Powerball jackpot builds to $325M for Saturday
By Adam Brandolph
Published: Friday, Nov. 23, 2012, 1:04 p.m.
Karen Moore spent most of Friday hoping she could put off Christmas shopping for at least another week.
Having a winning ticket for Saturday's $325 million Powerball drawing — the fourth-highest in the lottery's history — would alter her list significantly.
“That much money would make a lot of things easier, that's for sure,” Moore, 39, a mother of three from Frazer, said at the GetGo gas station in O'Hara. “It would answer a lot of prayers.”
A single winner choosing a cash payout would take home nearly $213 million before state and federal taxes, according to the Multi-State Lottery Association, which runs Powerball. The jackpot could rise even higher by Saturday's 11 p.m. drawing, depending on how many tickets are sold.
“Even if there's a one-in-a-billion chance to win, it's well worth it,” said David Colavecchio, 42, of Hempfield, who bought $20 worth of tickets at the BP gas station along McKnight Road in Ross. “We've all had dreams of what you'd do with the money if you won — how many houses or cars you'd buy, where you'd go on vacation, how you'd quit your job. But like they say, you can't win if you don't have a ticket.”
Powerball began in 1992 and is played in 42 states, Washington, D.C., and the Virgin Islands. The odds of hitting all five numbers and the Powerball are 1 in 175 million.
Since Powerball tickets doubled in price to $2 in January, the number of tickets sold has decreased, but sales revenue has made up for it, increasing by about 35 percent, said Norm Lingle, chairman of the Powerball board of directors.
As the price went up, so did the jackpots, enticing thousands across the country to play.
Saturday's jackpot has been building since an anonymous winner in Delaware hit for $50 million on Oct. 16 and an Iowa couple won $202 million the week before. There have been 14 consecutive drawings without a jackpot winner.
Store clerks said they were not sure whether the holiday weekend helped ticket sales. They said they sold more than their usual number of tickets.
“A lot more people have come in for tickets, but I don't know if it's the large jackpot or because people are off for the holiday,” said Jim Gohil, a clerk at the Sunoco station along Perry Highway in West View.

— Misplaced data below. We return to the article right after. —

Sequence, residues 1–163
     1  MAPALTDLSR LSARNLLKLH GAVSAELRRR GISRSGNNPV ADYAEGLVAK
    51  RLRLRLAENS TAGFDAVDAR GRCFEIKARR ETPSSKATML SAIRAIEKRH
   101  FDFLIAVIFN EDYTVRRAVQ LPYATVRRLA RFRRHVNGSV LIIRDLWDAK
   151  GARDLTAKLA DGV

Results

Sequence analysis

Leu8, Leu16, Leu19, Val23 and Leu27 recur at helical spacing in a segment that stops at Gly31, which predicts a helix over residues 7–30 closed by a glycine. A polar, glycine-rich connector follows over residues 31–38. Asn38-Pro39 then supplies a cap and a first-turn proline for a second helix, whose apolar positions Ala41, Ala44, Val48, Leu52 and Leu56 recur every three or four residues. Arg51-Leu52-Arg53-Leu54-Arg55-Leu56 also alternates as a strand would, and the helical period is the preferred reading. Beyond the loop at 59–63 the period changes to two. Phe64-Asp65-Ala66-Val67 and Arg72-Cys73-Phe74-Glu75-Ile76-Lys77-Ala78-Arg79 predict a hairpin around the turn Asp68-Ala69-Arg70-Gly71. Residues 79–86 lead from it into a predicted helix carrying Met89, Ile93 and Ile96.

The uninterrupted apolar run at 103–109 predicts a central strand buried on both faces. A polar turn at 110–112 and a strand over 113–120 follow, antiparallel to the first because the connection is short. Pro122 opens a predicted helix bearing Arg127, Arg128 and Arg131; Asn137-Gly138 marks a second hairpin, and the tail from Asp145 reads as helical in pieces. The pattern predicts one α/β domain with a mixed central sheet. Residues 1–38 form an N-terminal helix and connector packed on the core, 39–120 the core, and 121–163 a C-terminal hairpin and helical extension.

Lingle, who also is executive director of the South Dakota Lottery, says this weekend will be “telling.”
“To my knowledge we've never had a large jackpot run like this fall over a major holiday,” he said.
Saturday's drawing is the largest since Aug. 15, when Donald Lawson, 44, of Michigan claimed his $337 million fortune. Lawson took the cash option, a lump sum of $224.6 million.
The Associated Press contributed to this report. Adam Brandolph is a staff writer for Trib Total Media. He can be reached at 412-391-0927 or email@example.com.
Show commenting policy
TribLive commenting policy
You are solely responsible for your comments and by using TribLive.com you agree to our Terms of Service.
We moderate comments. Our goal is to provide substantive commentary for a general readership. By screening submissions, we provide a space where readers can share intelligent and informed commentary that enhances the quality of our news and information.
While most comments will be posted if they are on-topic and not abusive, moderating decisions are subjective. We will make them as carefully and consistently as we can. Because of the volume of reader comments, we cannot review individual moderation decisions with readers.
We value thoughtful comments representing a range of views that make their point quickly and politely. We make an effort to protect discussions from repeated comments either by the same reader or different readers.
We follow the same standards for taste as the daily newspaper. A few things we won't tolerate: personal attacks, obscenity, vulgarity, profanity (including expletives and letters followed by dashes), commercial promotion, impersonations, incoherence, proselytizing and SHOUTING. Don't include URLs to Web sites.
We do not edit comments. They are either approved or deleted. We reserve the right to edit a comment that is quoted or excerpted in an article. In this case, we may fix spelling and punctuation.
We welcome strong opinions and criticism of our work, but we don't want comments to become bogged down with discussions of our policies and we will moderate accordingly.
We appreciate it when readers and people quoted in articles or blog posts point out errors of fact or emphasis and will investigate all assertions. But these suggestions should be sent via e-mail. To avoid distracting other readers, we won't publish comments that suggest a correction. Instead, corrections will be made in a blog post or in an article.